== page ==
CES 2014: Five Reasons Why 5G WiFi is the Foundation for the Connected Home

LAS VEGAS — It’s clear that the connected home — a big, futuristic idea that’s a consistent trend-driver at the annual International Consumer Electronics Show — will require a wide range of wireless networking technologies.

From where Broadcom sits, deep in the South Hall of the Las Vegas Convention Center, it’s 5G WiFi (based on the speedy 802.11ac standard) that will become the centerpiece of that vision.

Dino Bekis, vice president of marketing mobile wireless connectivity, in the Mobile & Wireless Group at Broadcom, chatted with me about it in the company’s booth and explained why consumers and service providers really do need the extra heft that comes with this next-gen standard to make the connected home a reality.

Here are the top five reasons why 5G WiFi is the foundation for the connected home:

Sharing Is Caring

The home is being overtaken by devices, partly because individual consumers now tend to own multiple devices *mdash; smartphones, tablets, laptops — that all connect to the network. Beyond that, there’s a new lineup of devices that are trying to tap into the WiFi network, such as gaming consoles, as well as wireless set-top boxes like Roku and Dish’s Wireless Hopper. That’s bound to place some strain on the network.

Now, imagine what happens when that same network is asked to stream a video clip between two of the connected devices, from a smartphone to the WiFi-connected TV using a screen-casting technology such as Miracast. This is already happening and networks are already straining. 5G WiFi is fast and robust enough to handle that sort of network traffic without system hiccups.

Mo’ Content, Mo’ Problems

It’s true that you can’t really download faster than the speed at which your Internet service provider allows, even if you have faster WiFi. But it’s important to remember, Bekis said, that not every piece of content flying through your home network is tied to the Internet, at least not in real time.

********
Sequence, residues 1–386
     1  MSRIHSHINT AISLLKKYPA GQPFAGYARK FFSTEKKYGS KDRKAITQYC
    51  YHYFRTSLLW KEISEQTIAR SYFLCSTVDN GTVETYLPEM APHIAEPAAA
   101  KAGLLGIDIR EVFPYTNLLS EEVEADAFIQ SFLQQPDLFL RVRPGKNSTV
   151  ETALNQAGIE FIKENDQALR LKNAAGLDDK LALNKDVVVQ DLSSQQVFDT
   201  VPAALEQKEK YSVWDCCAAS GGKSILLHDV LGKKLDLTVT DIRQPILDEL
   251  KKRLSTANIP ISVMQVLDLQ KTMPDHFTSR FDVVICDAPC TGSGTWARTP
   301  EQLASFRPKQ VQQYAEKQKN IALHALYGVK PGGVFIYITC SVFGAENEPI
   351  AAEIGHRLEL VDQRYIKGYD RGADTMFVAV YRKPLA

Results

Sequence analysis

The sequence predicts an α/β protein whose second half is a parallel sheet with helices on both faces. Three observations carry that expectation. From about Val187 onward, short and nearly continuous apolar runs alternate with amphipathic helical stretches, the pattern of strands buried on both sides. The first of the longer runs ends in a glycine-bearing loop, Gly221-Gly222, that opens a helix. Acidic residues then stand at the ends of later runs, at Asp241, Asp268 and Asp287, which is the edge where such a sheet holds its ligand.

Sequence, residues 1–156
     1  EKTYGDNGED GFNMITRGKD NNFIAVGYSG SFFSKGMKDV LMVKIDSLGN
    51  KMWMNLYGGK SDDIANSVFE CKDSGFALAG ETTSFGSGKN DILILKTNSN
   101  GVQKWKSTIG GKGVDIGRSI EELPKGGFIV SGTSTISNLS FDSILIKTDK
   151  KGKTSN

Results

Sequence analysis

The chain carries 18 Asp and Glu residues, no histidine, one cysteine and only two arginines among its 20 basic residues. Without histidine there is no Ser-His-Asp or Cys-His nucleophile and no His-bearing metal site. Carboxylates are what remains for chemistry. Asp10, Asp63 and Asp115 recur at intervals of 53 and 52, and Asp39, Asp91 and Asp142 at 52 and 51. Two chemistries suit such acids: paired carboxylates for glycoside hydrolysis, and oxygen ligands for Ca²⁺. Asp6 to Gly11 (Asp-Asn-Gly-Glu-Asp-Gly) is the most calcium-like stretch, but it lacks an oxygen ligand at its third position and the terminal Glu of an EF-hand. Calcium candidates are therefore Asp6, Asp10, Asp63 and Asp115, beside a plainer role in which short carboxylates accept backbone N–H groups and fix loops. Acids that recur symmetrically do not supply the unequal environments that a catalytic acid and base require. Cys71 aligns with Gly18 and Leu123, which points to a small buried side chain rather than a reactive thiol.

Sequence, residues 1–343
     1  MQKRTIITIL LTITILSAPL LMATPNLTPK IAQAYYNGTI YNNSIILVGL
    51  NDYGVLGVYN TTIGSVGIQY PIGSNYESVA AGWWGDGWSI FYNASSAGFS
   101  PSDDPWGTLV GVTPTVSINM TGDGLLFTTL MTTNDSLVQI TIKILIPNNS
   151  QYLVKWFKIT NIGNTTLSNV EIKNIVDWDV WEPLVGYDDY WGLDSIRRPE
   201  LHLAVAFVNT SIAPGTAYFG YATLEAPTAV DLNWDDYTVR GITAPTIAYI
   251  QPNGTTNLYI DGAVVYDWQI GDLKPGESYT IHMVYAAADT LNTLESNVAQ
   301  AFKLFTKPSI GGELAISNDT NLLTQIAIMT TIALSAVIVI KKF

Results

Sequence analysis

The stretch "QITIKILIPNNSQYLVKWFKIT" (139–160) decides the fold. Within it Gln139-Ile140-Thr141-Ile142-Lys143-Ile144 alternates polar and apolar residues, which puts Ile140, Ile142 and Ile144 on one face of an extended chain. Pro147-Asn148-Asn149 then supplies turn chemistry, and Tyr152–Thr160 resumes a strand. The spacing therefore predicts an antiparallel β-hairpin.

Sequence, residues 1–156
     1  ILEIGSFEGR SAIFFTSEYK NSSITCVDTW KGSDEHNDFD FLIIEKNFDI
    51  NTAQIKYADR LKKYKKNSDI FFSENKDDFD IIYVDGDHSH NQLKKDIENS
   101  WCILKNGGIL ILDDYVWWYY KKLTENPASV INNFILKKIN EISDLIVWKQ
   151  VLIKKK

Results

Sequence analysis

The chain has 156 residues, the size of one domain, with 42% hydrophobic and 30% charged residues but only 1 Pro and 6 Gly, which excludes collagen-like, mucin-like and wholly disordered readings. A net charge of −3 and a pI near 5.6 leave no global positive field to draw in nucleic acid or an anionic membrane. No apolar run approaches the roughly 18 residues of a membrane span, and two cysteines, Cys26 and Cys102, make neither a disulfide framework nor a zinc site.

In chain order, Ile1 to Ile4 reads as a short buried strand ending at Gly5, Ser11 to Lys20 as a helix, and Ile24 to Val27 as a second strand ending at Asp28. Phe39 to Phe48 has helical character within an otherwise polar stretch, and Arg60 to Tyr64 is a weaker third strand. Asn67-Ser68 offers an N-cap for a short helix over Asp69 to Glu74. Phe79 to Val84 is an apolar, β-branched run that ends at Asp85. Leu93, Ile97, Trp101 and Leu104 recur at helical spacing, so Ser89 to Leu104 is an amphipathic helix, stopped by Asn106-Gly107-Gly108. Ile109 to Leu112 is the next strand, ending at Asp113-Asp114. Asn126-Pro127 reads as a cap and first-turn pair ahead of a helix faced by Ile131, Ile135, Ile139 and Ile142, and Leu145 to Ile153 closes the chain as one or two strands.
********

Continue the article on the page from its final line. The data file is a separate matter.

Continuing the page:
Consider that while some people in the house may be streaming from the Web, others may be streaming from one device to another. “That eats up a lot of bandwidth,” Bekis said.

Rate vs. Range

Wireless routers are often hidden upstairs in a closet or in the far reaches of a home office, Bekis noted, where they’re unable to get anything close to reaching their potential speeds throughout the entire house.

5G WiFi has faster baseline performance that helps improve real-world performance at any given distance. Plus, techniques such as explicit beamforming help steer signals to a receiver, which can help with dead spots. (802.11n allowed beamforming, but didn’t require manufacturers to certify interoperability, so it was not useful in most cases.)  5G WiFi can also vary channel bandwidths to boost performance.

A Better Battery Story for Cellular Carriers

5G WiFi’s extra speed also helps boost battery life for mobile devices that surf between cellular and Wi-Fi connections.

Because data transmissions occur at a faster rate, Bekis said, the power-hungry transmitter sends the same amount of data in a shorter period of time. Estimates run up to a six times improvement in battery life with three times the throughput of 802.11n.

That enables carriers to offload traffic from expensive, scarce cellular networks to Wi-Fi networks to avoid dropped calls at peak periods, without eating the device’s battery. Bekis said some legacy 802.11n implementations (though not those from Broadcom) used more than twice the battery power of LTE connections.

Accelerated Adoption

5G WiFi is just starting to hit a tipping point, as more products, including the hordes of routers, gateways, tablets and smartphones on display at Broadcom’s booth this week, begin to incorporate it.

In this scenario, 5G WiFi — fully interoperable with older 802.11 a/g/n networks, and any new ones that come along — becomes the new foundation. That flexibility is one of the reasons 802.11ac is being deployed so quickly, compared to previous generations.

“The end customer doesn’t know or care about what’s under the covers,” Bekis said. It’s up to Broadcom to offer up “the best available technology from the available arsenal of choices,” he said.

For a look at 5G WiFi in Broadcom’s booth at CES, watch this video interview:

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About the Author

Special Correspondent Fredric Paul is an award-winning writer, editor and content strategist who has spent his career covering the intersection of technology, business, and culture. His writing has appeared… More